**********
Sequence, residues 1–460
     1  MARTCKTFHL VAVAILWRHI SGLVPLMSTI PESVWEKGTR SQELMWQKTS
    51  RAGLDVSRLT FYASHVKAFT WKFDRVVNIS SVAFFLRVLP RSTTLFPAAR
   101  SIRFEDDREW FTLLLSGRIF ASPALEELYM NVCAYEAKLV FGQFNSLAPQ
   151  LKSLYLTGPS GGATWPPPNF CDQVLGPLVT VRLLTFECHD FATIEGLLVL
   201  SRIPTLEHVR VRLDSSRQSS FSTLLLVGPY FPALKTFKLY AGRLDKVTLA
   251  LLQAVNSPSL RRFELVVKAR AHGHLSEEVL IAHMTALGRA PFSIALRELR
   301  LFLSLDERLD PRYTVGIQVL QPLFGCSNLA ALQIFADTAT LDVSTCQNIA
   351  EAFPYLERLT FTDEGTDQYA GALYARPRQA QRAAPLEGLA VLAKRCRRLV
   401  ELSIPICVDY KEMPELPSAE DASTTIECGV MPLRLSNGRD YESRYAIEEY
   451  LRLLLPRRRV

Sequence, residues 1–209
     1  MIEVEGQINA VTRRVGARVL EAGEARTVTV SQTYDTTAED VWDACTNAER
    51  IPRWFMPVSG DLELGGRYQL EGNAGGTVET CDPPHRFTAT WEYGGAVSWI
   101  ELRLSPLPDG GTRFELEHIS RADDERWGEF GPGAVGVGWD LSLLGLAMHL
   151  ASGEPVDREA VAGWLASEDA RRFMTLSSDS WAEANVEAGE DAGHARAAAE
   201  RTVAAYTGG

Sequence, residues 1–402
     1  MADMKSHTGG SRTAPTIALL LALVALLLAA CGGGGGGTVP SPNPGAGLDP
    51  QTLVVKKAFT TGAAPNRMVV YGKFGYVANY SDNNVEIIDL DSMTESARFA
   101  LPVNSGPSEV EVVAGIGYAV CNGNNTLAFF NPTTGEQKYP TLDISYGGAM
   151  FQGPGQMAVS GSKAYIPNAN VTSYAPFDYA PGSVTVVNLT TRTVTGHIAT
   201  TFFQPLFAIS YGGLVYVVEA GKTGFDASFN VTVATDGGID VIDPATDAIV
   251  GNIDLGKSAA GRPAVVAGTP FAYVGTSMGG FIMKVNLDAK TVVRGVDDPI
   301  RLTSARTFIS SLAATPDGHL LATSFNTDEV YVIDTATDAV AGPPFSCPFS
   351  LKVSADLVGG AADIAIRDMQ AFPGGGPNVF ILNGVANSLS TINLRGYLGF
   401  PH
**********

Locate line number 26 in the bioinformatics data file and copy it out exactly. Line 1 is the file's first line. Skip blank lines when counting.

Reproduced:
   351  LKVSADLVGG AADIAIRDMQ AFPGGGPNVF ILNGVANSLS TINLRGYLGF